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Messaging

I sell to some really big companies.   One rule I established when I founded my business is that sales is about listening and collaborating, not presenting.  The reason was that I had watched cost of sales at many companies skyrocket due to huge investments preparing elaborate sales presentations that often fell flat and pursuing deals that should have been disqualified or re-framed early on.

Even with the best qualification questions and inside sales efforts, a sales rep walking into an initial customer meeting is going to have, at best, a superficial understanding of the customers’ need.  If they start by bulldozing through pre-prepared slides, they are likely to a) waste time on topics irrelevant to the customer b) miss the opportunity to gain a better understanding and c) fail to establish a collaborative relationship with the customer.

If you’re a marketer creating content and tools for a direct sales force, ask yourself if the information and asset you’re giving them help sales people to:

  1. Ask questions that both demonstrate their expertise and help them gain greater insight into customer needs
  2. Facilitate in-depth discussions that are positive and valuable experiences for customers
  3. Articulate how what they’re selling is directly relevant specific customer situations they discover during the meeting
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Buzzword Bingo

by Charles Born on October 16, 2012

in Marketing,Marketing 2.0,Messaging

This article is by Guest Blogger Charlie Born

Online “conversations” are a perfect opportunity for marketing to meet buyers’ information needs with smartly targeted and informative online content that buyers consider valuable.

At odds with this need for “conversations” is the high tech marketing history of using “words du jour” to make our products seem unique and different. Words like “cloud”, “social” and “big data” are just some that are rapidly littering our marketing content and are so over hyped their meaning is questionable. Coupled with over-used words like market leading, one-stop, scalable, easy to use, customer focused, best in class and many others, you have a winning game of buzzword bingo.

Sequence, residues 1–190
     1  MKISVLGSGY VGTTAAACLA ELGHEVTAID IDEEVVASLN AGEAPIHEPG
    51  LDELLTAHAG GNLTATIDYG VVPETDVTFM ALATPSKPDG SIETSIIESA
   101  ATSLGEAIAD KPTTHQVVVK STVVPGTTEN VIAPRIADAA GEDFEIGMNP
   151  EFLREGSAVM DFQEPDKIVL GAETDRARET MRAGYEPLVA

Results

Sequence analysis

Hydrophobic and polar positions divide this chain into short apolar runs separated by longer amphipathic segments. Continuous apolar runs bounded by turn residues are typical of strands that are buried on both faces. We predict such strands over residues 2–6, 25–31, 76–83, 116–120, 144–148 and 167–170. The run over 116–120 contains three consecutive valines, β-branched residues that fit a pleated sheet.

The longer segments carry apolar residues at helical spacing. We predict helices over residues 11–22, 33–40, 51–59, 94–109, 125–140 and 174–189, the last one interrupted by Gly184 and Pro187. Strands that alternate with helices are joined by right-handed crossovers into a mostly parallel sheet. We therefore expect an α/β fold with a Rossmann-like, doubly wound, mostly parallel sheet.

Does this buzzword bingo have any real meaning or value for the reader? The repeated use of trite phrases devalues them even if they are true. Furthermore, as marketers we know that when every company make similar claims, buyers struggle to tell us apart from competition. Of course, who wouldn’t claim these things? But more importantly, who isn’t claiming them?

Even if you think you are avoiding the creep of jargon into your marketing content, I’d encourage you to conduct a quick exercise with your marketing team:

1. Identify the most commonly used words and phrases on your website, in your online marketing materials and in your sales tools.

2. Do the same with your leading competitors

3. Compare the two.

If your language is truly distinct from your competition, congratulations! If, on the other hand, there’s an uncomfortable similarity between your words and phrases used by your competitors, then you have some work to do.

Next post, “Avoiding the Buzzword Bingo Trap”

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If individual employees have more power to select products and technologies, then should we market to them the same way we market to consumers?

Consumerization of corporate buying decisions is leaving B2B marketers asking if and how to use B2C techniques in B2B sales.    I like to break the question up into pieces, starting with messaging, then sales strategy, and finally marketing tactics.

What’s really different between messaging in B2B vs. B2C environments?

First, consider the similarities: